This is a column about who we are. For the first time, in counting noses in 1980, the Census Bureau asked people about their nationality backgrounds. Fully 83 percent of the 226 million who were counted by the census listed at least one ethnic or nationality group.

And, as recently reported in this newspaper when the census report was released, the No. 1 ancestry of Americans was English, with 50 million, followed closely by German with 49 million, Irish with 40 million, Afro-American with 21 million, French with 13 million, Italian with 12 million, and so on. Other interesting figures: Polish and Mexican tied with 8 million, and American Indians totaled 7 million.

The Asian population was, to me, surprisingly small: 894,000 Chinese, 975,000 Filipinos, 791,000 Japanese. There were 215,000 Vietnamese.

These figures and those of a total of some 100 nationality groups add up to far more than the national population because most of us are of multiple background--in my case, for example, at least four. Interestingly, neither the District of Columbia nor the two nearby states came close to mirroring the national population mix. The District was blacker, Virginia more Anglo-Saxon, Maryland more diverse.

All figures used in this column reflect those who reported "at least one" ancestry group. Therefore they do not double-count those who listed a multiple ethnic background.

Incidentally, there were no figures related to religious backgrounds; Jews, for example, are listed from their countries of national origin, notably Russia, Germany and Poland. This area's Russian ethnic population was statistically insignificant.

Of D.C. residents who listed their ancestry, 67 percent described themselves as Afro-Americans. Given the popularity of the book and TV series "Roots," in which author Alex Haley traced his specific African background, it is noteworthy that only a tiny fraction of Washingtonians could list a specific place of origin on that continent.

No. 2 among District residents' nationality groups were English,9.3 percent, followed by: Irish, 7 percent; German, 6.6 percent; Scottish, 2.2 percent; French 1.9 percent, and Italian, a surprisingly small 1.6 percent. The city's 6,855 American Indians accounted for 1.3 percent. The smallest minority in the city was Saudi Arabians: a total of 4 people.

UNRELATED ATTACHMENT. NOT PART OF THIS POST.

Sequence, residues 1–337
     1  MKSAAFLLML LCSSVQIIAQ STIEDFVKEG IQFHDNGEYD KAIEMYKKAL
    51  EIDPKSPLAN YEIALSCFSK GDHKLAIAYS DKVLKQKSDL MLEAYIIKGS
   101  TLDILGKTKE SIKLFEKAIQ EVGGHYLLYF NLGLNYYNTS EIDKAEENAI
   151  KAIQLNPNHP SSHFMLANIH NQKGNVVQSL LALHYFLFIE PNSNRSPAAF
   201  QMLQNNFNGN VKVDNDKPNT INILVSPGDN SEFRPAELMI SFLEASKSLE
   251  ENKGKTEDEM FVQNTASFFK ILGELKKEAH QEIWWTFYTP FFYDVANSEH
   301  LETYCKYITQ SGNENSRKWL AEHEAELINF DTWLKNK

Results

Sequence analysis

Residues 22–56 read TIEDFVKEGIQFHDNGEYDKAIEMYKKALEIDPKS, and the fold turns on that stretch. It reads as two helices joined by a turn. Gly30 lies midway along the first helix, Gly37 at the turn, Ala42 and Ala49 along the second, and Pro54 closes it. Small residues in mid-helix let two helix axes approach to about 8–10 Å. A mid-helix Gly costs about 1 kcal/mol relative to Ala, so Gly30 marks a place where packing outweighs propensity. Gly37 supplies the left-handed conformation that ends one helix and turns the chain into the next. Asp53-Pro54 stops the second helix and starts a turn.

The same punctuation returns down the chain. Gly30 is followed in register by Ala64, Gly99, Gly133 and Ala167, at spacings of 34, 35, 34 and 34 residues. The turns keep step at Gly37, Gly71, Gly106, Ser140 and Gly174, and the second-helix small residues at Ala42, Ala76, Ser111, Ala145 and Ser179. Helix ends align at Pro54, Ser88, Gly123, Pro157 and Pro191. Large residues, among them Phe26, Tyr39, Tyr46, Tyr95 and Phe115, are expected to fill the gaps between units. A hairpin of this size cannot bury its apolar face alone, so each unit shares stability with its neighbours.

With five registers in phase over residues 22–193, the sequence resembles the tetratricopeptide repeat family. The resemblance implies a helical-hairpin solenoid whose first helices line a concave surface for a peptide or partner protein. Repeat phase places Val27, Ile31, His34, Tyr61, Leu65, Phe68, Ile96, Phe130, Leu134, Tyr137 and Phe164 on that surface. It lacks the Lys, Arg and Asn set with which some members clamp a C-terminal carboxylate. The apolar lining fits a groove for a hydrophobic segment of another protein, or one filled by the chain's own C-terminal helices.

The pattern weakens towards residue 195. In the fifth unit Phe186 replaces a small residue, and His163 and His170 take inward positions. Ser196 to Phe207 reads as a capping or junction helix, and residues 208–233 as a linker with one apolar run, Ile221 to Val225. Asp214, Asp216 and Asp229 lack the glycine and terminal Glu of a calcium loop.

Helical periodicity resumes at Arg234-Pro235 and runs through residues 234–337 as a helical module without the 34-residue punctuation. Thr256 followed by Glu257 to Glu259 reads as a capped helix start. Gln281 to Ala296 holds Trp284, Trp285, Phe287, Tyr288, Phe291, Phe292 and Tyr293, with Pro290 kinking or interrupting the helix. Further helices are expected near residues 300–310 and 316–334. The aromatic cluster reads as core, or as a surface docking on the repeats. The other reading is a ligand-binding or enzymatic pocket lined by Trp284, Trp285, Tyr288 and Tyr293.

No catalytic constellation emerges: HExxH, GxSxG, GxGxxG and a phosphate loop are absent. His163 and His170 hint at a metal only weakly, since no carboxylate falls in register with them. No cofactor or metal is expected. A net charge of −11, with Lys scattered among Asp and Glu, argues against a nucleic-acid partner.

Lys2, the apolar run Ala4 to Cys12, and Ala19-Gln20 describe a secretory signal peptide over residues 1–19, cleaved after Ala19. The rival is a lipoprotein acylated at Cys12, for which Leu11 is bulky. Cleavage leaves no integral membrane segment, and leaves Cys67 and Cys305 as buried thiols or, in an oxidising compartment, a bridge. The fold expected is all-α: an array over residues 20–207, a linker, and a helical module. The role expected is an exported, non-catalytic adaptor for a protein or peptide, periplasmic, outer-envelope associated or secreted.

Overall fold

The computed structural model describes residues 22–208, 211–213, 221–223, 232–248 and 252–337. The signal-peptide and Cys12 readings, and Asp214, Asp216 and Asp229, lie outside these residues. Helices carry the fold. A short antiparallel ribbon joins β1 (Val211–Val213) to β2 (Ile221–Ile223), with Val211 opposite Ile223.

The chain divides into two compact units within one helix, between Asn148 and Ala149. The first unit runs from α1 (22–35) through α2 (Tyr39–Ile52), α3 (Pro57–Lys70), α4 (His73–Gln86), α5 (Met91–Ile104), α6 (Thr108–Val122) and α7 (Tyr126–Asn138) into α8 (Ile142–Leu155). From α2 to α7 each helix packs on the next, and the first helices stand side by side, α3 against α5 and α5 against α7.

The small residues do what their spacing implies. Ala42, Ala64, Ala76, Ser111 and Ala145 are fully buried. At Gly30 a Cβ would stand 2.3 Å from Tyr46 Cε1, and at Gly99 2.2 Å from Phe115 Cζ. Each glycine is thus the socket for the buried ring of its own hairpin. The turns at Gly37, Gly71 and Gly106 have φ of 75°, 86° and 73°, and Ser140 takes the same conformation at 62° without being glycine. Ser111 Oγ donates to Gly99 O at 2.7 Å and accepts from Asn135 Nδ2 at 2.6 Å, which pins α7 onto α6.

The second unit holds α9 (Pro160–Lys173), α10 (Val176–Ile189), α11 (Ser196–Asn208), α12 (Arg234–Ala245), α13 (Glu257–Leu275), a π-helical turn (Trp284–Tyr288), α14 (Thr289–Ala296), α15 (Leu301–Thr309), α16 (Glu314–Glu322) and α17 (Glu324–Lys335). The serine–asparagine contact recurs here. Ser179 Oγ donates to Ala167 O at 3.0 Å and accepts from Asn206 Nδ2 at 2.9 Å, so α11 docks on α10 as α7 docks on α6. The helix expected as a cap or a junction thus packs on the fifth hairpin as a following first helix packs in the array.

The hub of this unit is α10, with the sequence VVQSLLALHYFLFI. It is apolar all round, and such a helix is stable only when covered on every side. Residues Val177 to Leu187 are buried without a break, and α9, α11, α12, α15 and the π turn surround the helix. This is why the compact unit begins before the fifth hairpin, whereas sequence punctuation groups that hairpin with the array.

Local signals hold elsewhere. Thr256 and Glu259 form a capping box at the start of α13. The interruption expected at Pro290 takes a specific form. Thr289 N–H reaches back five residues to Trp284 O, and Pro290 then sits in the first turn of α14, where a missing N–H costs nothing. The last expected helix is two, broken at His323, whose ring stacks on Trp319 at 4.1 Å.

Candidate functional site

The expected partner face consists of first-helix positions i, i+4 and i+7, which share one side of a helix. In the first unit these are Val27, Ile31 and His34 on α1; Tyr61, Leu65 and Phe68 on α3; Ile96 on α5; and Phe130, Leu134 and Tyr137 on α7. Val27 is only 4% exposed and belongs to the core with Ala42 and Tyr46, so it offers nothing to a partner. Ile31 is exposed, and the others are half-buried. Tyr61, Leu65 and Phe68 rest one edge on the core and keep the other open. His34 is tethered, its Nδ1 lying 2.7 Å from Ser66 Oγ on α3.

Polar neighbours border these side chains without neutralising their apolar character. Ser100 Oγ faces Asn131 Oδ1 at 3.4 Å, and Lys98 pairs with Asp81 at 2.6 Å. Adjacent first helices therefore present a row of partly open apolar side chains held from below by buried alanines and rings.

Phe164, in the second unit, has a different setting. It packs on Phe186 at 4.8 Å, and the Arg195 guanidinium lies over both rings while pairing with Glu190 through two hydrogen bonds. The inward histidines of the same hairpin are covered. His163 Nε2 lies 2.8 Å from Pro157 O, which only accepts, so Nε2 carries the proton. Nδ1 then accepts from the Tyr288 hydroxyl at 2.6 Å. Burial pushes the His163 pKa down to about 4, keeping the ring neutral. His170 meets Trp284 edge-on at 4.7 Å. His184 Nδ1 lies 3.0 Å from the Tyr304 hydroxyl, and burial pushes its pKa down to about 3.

One figure obviously is flawed. Estimates of the city's Hispanic population range anywhere between 50,000 and 100,000, many of them illegal immigrants. The census listed only 10,432 Hispanics, a scant 1,210 of them Salvadorans.

Germans, with 29 percent of the total, rank first in Maryland's population, apparently representing both the Jewish population of the Baltimore area and the German Protestant concentration in central Maryland. English were second with 26 percent, followed by Afro-Americans with 22 percent, Irish with21 percent, Italians with 5.1 percent and Poles with 4.7 percent. The latter two are concentrated in Baltimore, giving them political clout.

Maryland's 94,534 American Indians accounted for 2 percent.

In Virginia, the Old Colony, ethnic English still predominate, with a startling 40 percent of the population. Germans were second and Irish third, in a virtual tie with 20 percent, and Afro-Americans accounted for 19 percent. Poles accounted for 1.8 percent, less than half of the proportion in Maryland.

Virginia, which has organized Indian tribes and reservations, listed 137,616 American Indians, 3 percent of its population. It also has 8,937 Vietnamese, far more than Maryland (3,588) or the District (308).

Another surprise to me: New York state is home to an astonishing23 percent of all 12.2 million ethnic Italians. California, the nation's most populous state, has the largest English, German, Irish, French, Scottish, Dutch, Swedish, Danish, Portuguese, Chinese, Japanese, Filipino and Armenian populations.

Personally, the census figures tell me that I'm certifiably a minority. I'm one of only 91,193 Americans who claims joint German-Irish-Swedish ancestry. And I'm one of only 9,220 with a Manx background as well. An ancestor named Burke tended a lighthouse on the Isle of Man in the Irish Sea.